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[Susan notes: Effective combination of research and reality.]

Published in Palm Beach Post

To the editor

The Oct. 14 Op-Ed article "Invest in better teachers, not smaller classes," by Charles P. Garcia, a Florida Board of Education member, cites research done by a University of Rochester economist, Erick Hanushek (actually, it's spelled Eric). Dr. Hanushek is well -known for his positions on school financing and class size. He is a senior fellow at the Hoover Institution, which never has had much good to say about public education or teachers. Mr. Garcia's characterization of Dr. Hanushek as an "unbiased expert" on class size and achievement is laughable.

Mr. Garcia glosses over what many dedicated teachers actually do. As an example, teachers who have 30 students in English and mathematics classes, who give homework and assignments, grade them at night and assist students by providing extra help after school and during their lunch breaks, would tell Mr. Garcia that there is a huge difference between a class of 30 and one of 25.

The five extra students per class, and assuming five classes per day, easily amounts to an additional six hours a week just dealing with the extra students. If Mr. Garcia, who apparently never has taught school, would, for about a year, walk in the shoes of teachers who do this daily, I would wager that he'd sing a different tune.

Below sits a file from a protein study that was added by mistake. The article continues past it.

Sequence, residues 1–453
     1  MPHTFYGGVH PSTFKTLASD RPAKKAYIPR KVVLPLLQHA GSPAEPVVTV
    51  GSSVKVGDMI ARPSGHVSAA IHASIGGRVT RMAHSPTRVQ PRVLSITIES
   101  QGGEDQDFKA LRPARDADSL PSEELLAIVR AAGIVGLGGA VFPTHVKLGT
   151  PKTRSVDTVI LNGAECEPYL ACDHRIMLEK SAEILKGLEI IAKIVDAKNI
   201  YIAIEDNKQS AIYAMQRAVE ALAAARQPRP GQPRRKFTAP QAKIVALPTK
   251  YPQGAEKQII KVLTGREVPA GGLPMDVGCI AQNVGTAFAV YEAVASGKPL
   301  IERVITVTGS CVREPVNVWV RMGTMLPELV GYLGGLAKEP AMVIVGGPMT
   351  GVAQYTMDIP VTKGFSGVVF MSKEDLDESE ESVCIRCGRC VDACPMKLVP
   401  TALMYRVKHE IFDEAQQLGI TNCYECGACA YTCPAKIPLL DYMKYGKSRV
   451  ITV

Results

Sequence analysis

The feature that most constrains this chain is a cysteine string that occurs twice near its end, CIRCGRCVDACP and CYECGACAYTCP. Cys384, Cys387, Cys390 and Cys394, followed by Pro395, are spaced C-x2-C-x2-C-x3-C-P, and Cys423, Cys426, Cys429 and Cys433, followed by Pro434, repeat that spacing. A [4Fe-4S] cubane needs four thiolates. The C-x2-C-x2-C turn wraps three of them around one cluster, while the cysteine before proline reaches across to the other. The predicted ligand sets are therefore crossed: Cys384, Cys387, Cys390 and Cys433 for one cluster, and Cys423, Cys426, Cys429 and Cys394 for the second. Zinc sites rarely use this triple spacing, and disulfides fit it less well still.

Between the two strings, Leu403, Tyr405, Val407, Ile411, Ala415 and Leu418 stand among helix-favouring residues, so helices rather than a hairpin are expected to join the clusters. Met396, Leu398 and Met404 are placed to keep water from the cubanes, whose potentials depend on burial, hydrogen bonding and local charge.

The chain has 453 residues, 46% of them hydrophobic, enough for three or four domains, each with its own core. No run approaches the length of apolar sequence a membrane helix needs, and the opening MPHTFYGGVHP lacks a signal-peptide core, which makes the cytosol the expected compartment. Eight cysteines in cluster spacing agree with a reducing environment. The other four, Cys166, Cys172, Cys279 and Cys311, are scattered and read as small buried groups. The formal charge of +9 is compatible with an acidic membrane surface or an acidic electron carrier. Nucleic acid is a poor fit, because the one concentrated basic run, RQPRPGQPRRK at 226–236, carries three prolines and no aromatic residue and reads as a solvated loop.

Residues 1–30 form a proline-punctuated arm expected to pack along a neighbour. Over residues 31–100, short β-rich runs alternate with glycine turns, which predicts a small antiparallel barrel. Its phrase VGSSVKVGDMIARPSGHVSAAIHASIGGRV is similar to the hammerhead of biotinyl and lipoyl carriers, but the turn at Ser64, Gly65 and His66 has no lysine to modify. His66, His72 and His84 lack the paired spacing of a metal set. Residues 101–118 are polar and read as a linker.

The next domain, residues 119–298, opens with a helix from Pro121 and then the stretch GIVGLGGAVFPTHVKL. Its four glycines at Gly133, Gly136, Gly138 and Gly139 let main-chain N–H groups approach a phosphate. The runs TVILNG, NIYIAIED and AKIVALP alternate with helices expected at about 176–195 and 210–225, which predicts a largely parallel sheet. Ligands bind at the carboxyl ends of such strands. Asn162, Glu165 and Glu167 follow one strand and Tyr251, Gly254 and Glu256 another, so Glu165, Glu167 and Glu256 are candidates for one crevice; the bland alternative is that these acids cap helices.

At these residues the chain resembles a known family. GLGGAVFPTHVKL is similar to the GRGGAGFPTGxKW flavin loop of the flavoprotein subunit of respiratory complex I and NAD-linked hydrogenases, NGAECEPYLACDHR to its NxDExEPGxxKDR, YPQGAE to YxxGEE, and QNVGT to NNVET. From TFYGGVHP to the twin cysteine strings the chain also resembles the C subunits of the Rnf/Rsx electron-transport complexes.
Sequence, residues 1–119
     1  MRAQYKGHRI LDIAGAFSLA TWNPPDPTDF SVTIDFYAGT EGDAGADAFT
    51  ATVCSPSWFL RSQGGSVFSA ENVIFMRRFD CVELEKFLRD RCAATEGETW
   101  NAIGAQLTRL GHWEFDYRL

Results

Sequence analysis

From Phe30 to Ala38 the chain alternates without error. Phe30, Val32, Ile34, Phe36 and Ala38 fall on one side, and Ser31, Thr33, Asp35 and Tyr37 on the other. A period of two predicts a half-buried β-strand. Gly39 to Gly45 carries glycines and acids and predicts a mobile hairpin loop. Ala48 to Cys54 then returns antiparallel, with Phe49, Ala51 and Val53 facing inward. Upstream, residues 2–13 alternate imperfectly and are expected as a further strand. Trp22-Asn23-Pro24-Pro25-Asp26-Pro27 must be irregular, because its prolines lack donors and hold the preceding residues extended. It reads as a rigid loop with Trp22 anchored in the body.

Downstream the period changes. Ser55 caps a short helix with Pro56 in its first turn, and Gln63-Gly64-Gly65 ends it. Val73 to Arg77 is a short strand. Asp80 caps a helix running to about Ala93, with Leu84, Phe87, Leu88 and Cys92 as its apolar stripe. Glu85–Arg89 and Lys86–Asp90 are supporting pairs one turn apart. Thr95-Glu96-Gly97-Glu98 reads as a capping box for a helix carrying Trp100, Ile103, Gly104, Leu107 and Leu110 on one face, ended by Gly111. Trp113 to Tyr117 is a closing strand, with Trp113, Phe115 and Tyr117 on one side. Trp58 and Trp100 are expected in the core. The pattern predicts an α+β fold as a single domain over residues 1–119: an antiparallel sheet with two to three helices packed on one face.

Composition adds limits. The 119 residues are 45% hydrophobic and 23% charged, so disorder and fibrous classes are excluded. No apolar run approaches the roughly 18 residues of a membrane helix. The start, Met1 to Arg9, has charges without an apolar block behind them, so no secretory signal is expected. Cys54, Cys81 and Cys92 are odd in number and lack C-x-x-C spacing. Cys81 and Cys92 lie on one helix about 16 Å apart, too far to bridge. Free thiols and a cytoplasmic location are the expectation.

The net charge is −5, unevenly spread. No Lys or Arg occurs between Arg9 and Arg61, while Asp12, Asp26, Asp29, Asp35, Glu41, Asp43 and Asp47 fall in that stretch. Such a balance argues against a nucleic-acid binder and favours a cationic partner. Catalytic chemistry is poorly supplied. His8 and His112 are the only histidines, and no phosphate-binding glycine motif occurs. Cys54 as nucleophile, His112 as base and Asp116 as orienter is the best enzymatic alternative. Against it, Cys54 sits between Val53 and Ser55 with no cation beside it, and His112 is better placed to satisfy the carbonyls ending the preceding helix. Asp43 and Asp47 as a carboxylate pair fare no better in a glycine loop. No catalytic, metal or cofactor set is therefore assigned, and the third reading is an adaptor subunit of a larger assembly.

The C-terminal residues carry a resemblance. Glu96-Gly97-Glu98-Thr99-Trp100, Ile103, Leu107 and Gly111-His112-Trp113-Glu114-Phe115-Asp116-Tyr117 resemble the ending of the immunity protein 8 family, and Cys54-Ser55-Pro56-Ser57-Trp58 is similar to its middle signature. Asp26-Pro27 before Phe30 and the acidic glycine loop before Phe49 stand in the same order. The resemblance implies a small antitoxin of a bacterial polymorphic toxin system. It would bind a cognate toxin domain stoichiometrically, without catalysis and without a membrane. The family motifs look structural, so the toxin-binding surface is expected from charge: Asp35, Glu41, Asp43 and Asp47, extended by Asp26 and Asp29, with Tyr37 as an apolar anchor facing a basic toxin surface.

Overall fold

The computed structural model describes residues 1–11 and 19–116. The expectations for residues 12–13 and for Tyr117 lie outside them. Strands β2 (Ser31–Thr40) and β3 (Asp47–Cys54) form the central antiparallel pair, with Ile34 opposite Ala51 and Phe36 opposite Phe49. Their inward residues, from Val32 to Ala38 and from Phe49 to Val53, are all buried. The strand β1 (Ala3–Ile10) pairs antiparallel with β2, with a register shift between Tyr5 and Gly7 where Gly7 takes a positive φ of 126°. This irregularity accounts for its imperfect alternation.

There also are studies that show that class size does make a difference in student achievement, and perhaps that is related to the tremendous amount of teacher turnover, especially during the first five years of teaching, when some studies report that more than 40 percent leave the profession. Maybe Mr. Garcia should get with Dr. Hanushek and calculate the real monetary and social cost of that on the teaching profession and student achievement.

Robert Kizlik, Associate Professor, Florida Atlantic University

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